A seven/one bench again, but fewer gasps this time.
Willie le Roux will be in such hulking company there is little chance of him being mistaken for Snow White.
The Bok bench, however, does not come sans risk, but it's a gamble they are prepared to accept.
Head coach Jacques Nienaber would have run the numbers involving the potential peril. This week he spoke a lot about mitigating risk, but a seven/one bench split does go a long way to boxing yourself into a corner.
In fact, it is from the corner that the All Blacks emerged to resurrect their RWC ambitions after a torrid few weeks before and at the start of the tournament.
Much, however, has passed here under the 37 bridges of the Seine since they came unstuck in the RWC opener.
The improvements they've made, especially at the breakdown, have given them another gear in attack.
No, his name is not Rico, but Will Jordan and he will break the RWC try-scoring record for one tournament should he dot down against the defending champions.
The Boks, however, have a history of shutting down All Black wings who come with a reputation.
Jordan's matchup with Cheslin Kolbe will be keenly observed, but perhaps more compelling and significant in the overall scheme of things is the one between scrumhalves Aaron Smith and Faf de Klerk.
Expect them to bark and snap at each other's heels.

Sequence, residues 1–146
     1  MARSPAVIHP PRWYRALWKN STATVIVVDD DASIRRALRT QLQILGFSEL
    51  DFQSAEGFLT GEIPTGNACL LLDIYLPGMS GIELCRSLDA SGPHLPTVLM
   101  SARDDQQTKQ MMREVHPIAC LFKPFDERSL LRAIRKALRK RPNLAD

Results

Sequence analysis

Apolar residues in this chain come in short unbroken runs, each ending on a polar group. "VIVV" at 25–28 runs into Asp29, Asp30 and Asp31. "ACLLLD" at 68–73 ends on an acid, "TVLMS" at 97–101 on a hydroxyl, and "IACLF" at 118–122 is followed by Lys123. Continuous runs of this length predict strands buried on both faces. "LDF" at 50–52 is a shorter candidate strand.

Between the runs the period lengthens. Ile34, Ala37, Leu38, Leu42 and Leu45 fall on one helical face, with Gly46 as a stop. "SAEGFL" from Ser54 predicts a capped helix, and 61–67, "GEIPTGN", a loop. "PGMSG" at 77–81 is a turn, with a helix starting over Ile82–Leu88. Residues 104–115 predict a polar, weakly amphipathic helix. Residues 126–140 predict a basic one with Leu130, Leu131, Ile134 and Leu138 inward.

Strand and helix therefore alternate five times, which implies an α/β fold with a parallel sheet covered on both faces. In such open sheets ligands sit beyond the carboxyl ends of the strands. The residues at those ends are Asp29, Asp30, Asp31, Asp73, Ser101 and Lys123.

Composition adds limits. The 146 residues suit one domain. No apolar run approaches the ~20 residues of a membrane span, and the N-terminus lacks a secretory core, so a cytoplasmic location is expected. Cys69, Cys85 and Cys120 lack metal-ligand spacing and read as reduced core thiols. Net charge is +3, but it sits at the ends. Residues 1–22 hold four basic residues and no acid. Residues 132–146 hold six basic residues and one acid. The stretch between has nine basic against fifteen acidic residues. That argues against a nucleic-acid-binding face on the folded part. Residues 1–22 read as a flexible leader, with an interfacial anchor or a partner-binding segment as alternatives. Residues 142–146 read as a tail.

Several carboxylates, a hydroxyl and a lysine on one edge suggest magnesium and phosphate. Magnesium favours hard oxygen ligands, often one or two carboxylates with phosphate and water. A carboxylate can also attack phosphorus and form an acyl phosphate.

The All Blacks also owe much of their restoration to their defiant defence. They were near demonic in that department against Ireland and the Boks will likely face a similar door slamming exercise.
Don't expect Ardie Savea, Sam Cane and Co to disappear quietly into the night.
The tighter the margins at the Stade de France, the greater the scope for post-match fallout.
Given what has transpired for much of this week it is perhaps a twist of irony that the match officials are all English.
Wayne Barnes may very well be the best ref in town but he is human.
If you are to take a cynical view of Barnes you'd have to ask does his memory go back a year, or 16? Both Nienaber and opposite number Ian Foster would have thoroughly studied his ways.
Whatever the result, it will be the final whistle for Nienaber as it is for Foster, who will make way for a break-dancing successor.
They are both desperate to waltz to the exit.
New Zealand — Beauden Barrett; Will Jordan, Rieko Ioane, Jordie Barrett, Mark Telea; Richie Mo’unga, Aaron Smith; Ardie Savea, Sam Cane (captain), Shannon Frizell; Scott Barrett, Brodie Retallick; Tyrel Lomax, Codie Taylor, Ethan de Groot.
Substitutes: Samisoni Taukei’aho, Tamaiti Williams, Nepo Laulala, Samuel Whitelock, Dalton Papali’i, Finlay Christie, Damian McKenzie, Anton Lienert-Brown.
South Africa — Damian Willemse; Kurt-Lee Arendse, Jesse Kriel, Damian de Allende, Cheslin Kolbe; Handré Pollard, Faf de Klerk; Duane Vermeulen, Pieter-Steph du Toit, Siya Kolisi (captain); Franco Mostert, Eben Etzebeth; Frans Malherbe, Bongi Mbonambi, Steven Kitshoff.
Substitutes: Deon Fourie, Ox Nche, Trevor Nyakane, Jean Kleyn, RG Snyman, Kwagga Smith, Jasper Wiese; Willie le Roux.
Referee: Wayne Barnes (England)
Assistant referees: Karl Dickson, Matthew Carley (both England)
TMO: Tom Foley